In New Report, Egypt, Nigeria, S’Africa  Emerge Africa’s Most Polluted Nations

In New Report, Egypt, Nigeria, S’Africa  Emerge Africa’s Most Polluted Nations

Emmanuel Addeh in Abuja

Egypt, Nigeria, and South Africa have emerged Africa’s most polluted countries in terms of air pollution disease burden, amid  health consequences and exacerbated impacts on climate change, a new report by Greenpeace Africa and Greenpeace Middle East & North Africa has revealed.

Titled: “Major Air Polluters in Africa Unmasked”, the report investigated the biggest human sources of air pollution across Africa, focusing on major industrial and economic sectors, including the fossil fuel industry.

It stated that every year in Africa, as many as 1.1 million premature deaths have been linked to air pollution.

The report added that Egypt, Nigeria, and South Africa consistently exhibit large disease burdens, with the highest mortality linked to fossil fuel air pollution in these nations.

It highlighted the sparse monitoring of air quality in Africa, revealing that only 19 African countries have legislation incorporating ambient air quality standards, according to the First Global Assessment of Air Pollution Legislation by the United Nations Environmental Programme.

 Nigeria’s energy sector and its oil and gas industry are responsible for large amounts of flaring, it said, is the result of development practices in the 1960s and 1970s when there was limited demand for fossil gas and environmental standards were not stringent.

 With no market for the gas produced as a by-product of oil wells, flares were installed as a disposal Nigeria features method. Decades later, it added that Nigeria is in the top 10 continues to flare large volumes . . of fossil gas, quoting previous reports.

 “In many parts of Africa a lack of air quality monitoring has allowed pollution to remain hidden. However, there is abundant evidence that African nations face a serious public health crisis from air pollution.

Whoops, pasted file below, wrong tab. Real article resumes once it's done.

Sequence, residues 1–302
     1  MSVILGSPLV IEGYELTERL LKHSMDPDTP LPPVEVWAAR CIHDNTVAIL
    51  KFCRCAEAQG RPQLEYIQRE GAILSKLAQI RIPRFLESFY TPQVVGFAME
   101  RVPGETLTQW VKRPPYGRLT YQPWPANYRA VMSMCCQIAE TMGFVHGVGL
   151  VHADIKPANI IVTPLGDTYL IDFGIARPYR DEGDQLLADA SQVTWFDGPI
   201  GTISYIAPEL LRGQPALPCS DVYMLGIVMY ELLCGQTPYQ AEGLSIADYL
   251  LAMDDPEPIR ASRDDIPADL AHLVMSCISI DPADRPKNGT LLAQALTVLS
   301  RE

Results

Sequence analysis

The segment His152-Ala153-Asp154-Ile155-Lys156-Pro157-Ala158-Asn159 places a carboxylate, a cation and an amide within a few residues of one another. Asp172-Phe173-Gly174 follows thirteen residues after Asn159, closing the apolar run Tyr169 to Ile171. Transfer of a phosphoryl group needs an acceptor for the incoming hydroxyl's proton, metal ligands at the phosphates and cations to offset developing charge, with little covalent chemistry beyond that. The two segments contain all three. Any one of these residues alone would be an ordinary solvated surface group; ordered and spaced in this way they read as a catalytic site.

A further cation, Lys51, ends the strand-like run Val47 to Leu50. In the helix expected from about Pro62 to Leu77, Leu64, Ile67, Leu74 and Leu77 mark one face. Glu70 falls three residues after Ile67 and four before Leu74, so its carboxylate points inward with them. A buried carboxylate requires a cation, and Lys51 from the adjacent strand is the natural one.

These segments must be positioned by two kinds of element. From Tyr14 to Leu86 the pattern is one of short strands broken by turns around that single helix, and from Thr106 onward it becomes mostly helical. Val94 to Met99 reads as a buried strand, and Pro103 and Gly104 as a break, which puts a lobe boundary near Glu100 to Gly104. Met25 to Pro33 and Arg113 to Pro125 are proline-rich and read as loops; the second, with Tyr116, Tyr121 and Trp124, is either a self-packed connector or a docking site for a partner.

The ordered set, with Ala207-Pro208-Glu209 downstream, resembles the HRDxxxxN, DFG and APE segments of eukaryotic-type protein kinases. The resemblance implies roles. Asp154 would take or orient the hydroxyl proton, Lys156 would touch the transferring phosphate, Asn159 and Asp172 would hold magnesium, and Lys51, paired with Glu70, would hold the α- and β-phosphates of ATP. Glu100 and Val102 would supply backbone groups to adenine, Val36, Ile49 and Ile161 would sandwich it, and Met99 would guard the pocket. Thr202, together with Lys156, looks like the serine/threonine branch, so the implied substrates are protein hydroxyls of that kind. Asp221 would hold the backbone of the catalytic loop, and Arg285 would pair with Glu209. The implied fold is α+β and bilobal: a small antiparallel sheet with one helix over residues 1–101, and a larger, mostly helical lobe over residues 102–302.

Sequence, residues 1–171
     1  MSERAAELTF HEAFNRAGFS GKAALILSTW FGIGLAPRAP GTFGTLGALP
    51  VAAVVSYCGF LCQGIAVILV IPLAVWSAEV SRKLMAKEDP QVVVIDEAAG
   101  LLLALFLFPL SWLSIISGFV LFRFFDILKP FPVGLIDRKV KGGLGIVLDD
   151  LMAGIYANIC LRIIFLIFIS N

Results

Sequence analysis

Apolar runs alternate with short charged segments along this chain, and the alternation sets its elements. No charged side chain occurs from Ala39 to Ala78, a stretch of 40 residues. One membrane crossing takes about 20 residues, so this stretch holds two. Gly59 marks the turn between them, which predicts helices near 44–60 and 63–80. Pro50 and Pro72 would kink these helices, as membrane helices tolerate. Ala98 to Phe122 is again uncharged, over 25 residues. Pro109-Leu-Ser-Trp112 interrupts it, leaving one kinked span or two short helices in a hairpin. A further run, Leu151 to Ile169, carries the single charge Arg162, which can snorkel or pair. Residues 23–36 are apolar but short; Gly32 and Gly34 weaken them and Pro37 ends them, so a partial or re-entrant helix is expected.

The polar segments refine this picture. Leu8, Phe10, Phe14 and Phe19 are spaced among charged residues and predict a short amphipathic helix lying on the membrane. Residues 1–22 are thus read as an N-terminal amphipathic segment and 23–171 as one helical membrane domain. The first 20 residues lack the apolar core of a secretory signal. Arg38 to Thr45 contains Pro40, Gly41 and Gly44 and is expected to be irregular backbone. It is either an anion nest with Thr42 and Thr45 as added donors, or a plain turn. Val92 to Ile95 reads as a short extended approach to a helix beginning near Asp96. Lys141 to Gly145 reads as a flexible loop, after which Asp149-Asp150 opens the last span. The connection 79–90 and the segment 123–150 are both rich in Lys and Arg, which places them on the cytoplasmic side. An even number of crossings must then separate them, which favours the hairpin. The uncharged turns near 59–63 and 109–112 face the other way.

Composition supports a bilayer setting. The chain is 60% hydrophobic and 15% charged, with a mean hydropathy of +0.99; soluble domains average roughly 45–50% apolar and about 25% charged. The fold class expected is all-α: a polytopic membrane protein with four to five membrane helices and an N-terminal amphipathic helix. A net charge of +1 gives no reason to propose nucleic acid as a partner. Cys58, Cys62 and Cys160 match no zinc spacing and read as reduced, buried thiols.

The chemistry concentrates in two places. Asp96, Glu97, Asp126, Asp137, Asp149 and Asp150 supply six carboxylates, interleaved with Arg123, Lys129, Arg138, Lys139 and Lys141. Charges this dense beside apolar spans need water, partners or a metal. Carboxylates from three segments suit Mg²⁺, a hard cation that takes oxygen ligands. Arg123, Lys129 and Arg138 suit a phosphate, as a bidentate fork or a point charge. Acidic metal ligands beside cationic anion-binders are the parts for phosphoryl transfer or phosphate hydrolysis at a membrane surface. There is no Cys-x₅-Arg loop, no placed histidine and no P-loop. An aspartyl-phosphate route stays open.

“The root causes of this crisis are the air pollutant emitters. Data from satellites and even fuel sales in each country allow scientists to investigate emission sources,” Senior Scientist at the Greenpeace Research Laboratories, Dr Aidan Farrow said.

The report found that Africa is home to some of the worst nitrogen dioxide and sulphur dioxide hotspots in the world, all of which are primarily linked to thermal power plants.

 The report also found that Eskom, a public utility company that has the government of South Africa as its sole shareholder, operates many of the most polluting plants in South Africa.

Key findings compiled by the report include that: Exposure to air pollution is the second leading risk factor for death in Africa and that achieving World Health Organisation (WHO) guidelines could result in significant gains in life expectancy.

Health impact studies, it said, suggest that life expectancy could be improved by up to three years in some African nations if air quality met WHO guidelines.

“According to WHO, exposure to air pollution, including nitrogen dioxide and sulphur dioxide, can cause both short- and long-term health problems. These include heart and lung diseases, pregnancy problems, kidney issues and cancer,” the report added.

The report presents recommendations to address the critical issue of air pollution in Africa, emphasising the need for investment in clean technologies, especially in the energy sector.

“International institutions share a significant responsibility in sustainably developing the African continent. Many of the causes of air pollution, such as the combustion of oil, coal, and gas, are also sources of greenhouse gas emissions.

“ Policies aimed at reducing air pollution, therefore, offer a win-win strategy for both climate and health, ” the Greenpeace report stated.

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